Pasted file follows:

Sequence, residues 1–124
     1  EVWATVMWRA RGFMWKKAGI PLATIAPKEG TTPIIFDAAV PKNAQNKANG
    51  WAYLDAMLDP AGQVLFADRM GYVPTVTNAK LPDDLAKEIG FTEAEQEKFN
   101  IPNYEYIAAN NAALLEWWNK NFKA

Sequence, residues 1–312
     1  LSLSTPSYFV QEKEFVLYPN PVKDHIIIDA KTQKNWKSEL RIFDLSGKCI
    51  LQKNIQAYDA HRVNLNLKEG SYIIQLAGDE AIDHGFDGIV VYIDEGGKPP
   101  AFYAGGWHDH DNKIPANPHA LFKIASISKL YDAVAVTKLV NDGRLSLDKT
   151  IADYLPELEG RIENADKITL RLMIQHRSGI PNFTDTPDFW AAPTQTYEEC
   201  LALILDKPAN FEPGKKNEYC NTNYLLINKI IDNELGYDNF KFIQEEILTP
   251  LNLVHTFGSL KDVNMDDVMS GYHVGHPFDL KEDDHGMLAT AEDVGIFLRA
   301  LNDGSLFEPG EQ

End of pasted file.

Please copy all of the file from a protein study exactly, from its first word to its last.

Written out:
Sequence, residues 1–124
     1  EVWATVMWRA RGFMWKKAGI PLATIAPKEG TTPIIFDAAV PKNAQNKANG
    51  WAYLDAMLDP AGQVLFADRM GYVPTVTNAK LPDDLAKEIG FTEAEQEKFN
   101  IPNYEYIAAN NAALLEWWNK NFKA

Sequence, residues 1–312
     1  LSLSTPSYFV QEKEFVLYPN PVKDHIIIDA KTQKNWKSEL RIFDLSGKCI
    51  LQKNIQAYDA HRVNLNLKEG SYIIQLAGDE AIDHGFDGIV VYIDEGGKPP
   101  AFYAGGWHDH DNKIPANPHA LFKIASISKL YDAVAVTKLV NDGRLSLDKT
   151  IADYLPELEG RIENADKITL RLMIQHRSGI PNFTDTPDFW AAPTQTYEEC
   201  LALILDKPAN FEPGKKNEYC NTNYLLINKI IDNELGYDNF KFIQEEILTP
   251  LNLVHTFGSL KDVNMDDVMS GYHVGHPFDL KEDDHGMLAT AEDVGIFLRA
   301  LNDGSLFEPG EQ